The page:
^"...y a en lui du moine et du voyou." "Voyou" has no exact English translation, and as well as "naughty boy", it has been variously rendered as "ragamuffin or street-urchin", "guttersnipe", "bad boy", "bounder", "hooligan", and "rascal".
^The Poulenc scholar Carl B Schmidt lists two works earlier than Rapsodie nègre, unperformed and known to have been destroyed by the composer: "Processional pour la crémation d'un mandarin" (Processional for the Cremation of a
Mandarin) (1914) and Préludes (1916) both for solo piano; several later pieces composed between 1917 and 1919 were also destroyed or lost.
^A pun on the English colloquial expression "leg-pulling" – playful, humorous deception.
^Poulenc recalled Ravel as saying that
Saint-Saëns was a genius, Schumann was mediocre and much inferior to
Mendelssohn, late Debussy (such as Jeux) was poor, and
orchestration incompetent. Chabrier's music was one of Poulenc's particular enthusiasms. He said in the 1950s, "Ah! Chabrier, I love him as one loves a father! An indulgent father, always merry, his pockets full of tasty tit-bits. Chabrier's music is a treasure-house you could never exhaust. I just could not do without it. It consoles me on my darkest days, because you know ... I am a sad man – who likes to laugh, as do all sad men."
^In the original, Poulenc's quotation of Satie's words is given as, "Ce c... de Ravel, c'est stupide tout ce qu'il dit!"
^Poulenc commented in 1958 how much he had come to admire Ravel and that he had been glad to be able to show it, not only in words, but as a pianist, through his interpretations of Ravel's works.
^Milhaud's view has been questioned by later writers. In Music & Letters in 1957 Vera Rašín cast doubt on the statement that Collet's choice was arbitrary, surmising that the label "Les Six" was carefully planned by
Jean Cocteau, who had taken the group under his wing. A similar view was put forward by the musicologist
Robert Orledge in 2003.
^Koechlin, like Ravel, was a pupil of
Gabriel Fauré, but Poulenc did not share their love of Fauré's music: the Fauré scholar
Jean-Michel Nectoux comments that Poulenc's aversion seems strange because of all the members of Les Six, Poulenc "is the nearest to Fauré in the limpid clarity and singing quality of his own writing, in his charm".
^In addition to "Epitaphe", other Poulenc works were dedicated to Linossier or her memory are the Sonata for Horn, Trumpet and Trombone (1922), Ce doux petit visage (1939), Les Animaux modèles (1941) and "Voyage" from Calligrammes (1948).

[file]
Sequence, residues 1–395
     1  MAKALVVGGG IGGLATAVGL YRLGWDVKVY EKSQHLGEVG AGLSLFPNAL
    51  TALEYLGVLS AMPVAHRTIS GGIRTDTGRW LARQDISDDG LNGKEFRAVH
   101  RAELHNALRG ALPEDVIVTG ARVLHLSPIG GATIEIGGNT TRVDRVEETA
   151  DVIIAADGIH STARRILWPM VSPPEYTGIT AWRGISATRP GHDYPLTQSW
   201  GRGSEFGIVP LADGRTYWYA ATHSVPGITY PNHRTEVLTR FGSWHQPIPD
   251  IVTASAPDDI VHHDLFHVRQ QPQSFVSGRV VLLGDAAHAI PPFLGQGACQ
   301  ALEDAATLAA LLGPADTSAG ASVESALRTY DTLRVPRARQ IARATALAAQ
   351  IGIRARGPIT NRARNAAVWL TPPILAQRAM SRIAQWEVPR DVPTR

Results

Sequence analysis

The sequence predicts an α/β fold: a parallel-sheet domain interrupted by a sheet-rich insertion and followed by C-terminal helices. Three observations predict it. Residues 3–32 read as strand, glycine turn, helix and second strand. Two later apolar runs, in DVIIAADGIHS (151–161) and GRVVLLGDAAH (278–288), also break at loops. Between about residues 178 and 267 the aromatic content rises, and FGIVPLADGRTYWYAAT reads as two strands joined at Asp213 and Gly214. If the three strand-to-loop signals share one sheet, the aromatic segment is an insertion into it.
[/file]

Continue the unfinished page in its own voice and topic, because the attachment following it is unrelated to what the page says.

^Bernac's timbre and sensitive musicianship considerably influenced Poulenc's compositional style in his mélodies, to a degree comparable with the musical relationship between Poulenc's friends the tenor
Peter Pears and the composer
Benjamin Britten, although unlike their English counterparts Poulenc and Bernac were partners only professionally.
^Poulenc recalled later that they performed only French songs, but his recollection was inaccurate: German songs, notably those of
Schumann, were included in some programmes.
^This song, "You shall not have
Alsace and Lorraine", was a popular patriotic French ditty dating from the
Franco-Prussian War, when the Germans defeated France and annexed much of
Lorraine. France regained them after the First World War, but at the time of Les Animaux modèles they were once again under German control.
^The piece was not produced in the US until 1953, and did not reach Britain until 1958, when Britten and Pears presented it at the
Aldeburgh Festival. It remains by a considerable margin the least popular of Poulenc's three operas; Dialogues des Carmélites and La Voix humaine each received more than four times as many productions worldwide between 2012 and 2014.
^Despite their musical differences, Poulenc and Boulez maintained amicable personal relations: exchanges of friendly letters are recorded in Poulenc's published correspondence.
^In 1949, thrilled by a new American recording of his 1936 Mass conducted by
Robert Shaw, Poulenc exclaimed, "At last the world will know that I am a serious composer.
^There was a joke in musical circles at the time that Poulenc was writing his solo opera for
Maria Callas, who was known for her reluctance to share the spotlight with anybody, but in fact there was never any thought that Callas, or anyone apart from Duval, should play the lead.
^In a letter to Milhaud in 1950 Poulenc, who had earlier singled out Messiaen as one of France's most promising young composers, privately compared Messiaen's recent compositions to "holy water out of a bidet".
^"Je souhaite une musique saine, claire et robuste, une musique aussi franchement française que celle de Strawinsky est slave."
^At the time of Poulenc's comments there were only twelve: the first set, numbers 1–10, date from the 1920s and the second set, numbers 11 and 12, from the 1930s; numbers 13–15 were written in 1958–59.
Cayez, Pierre (1988). Rhône-Poulenc, 1895–1975 (in French). Paris: Armand Colin and Masson.
Chimènes, Myriam (2001). "Évolution des goûts de Francis Poulenc à travers sa correspondance". In Arlette Michel and Loïc Chotard (eds). L'esthétique dans les correspondances d'écrivains et de musiciens, XIXe-XXe siècles (in French). Paris: Presses de l'Université de Paris-Sorbonne.
Daniel, Keith W (1982). Francis Poulenc: His Artistic Development and Musical Style. Ann Arbor, US: UMI Research Press.
Delamarche, Claire (1996). Notes to CD set Poulenc Concertos. London: Decca.
Desgraupes, Bernard; Keith Anderson (trans) (1996). Notes to CD set Les mariés de la tour Eiffel. Munich: MVD.
Doctor, Jennifer (1999). The BBC and Ultra-modern Music, 1922–1936. Cambridge and New York: Cambridge University Press.
Harding, James (1994). Notes to CD set Ravel and Poulenc – Complete Chamber Music for Woodwinds, Volume 2. London: Cala Records.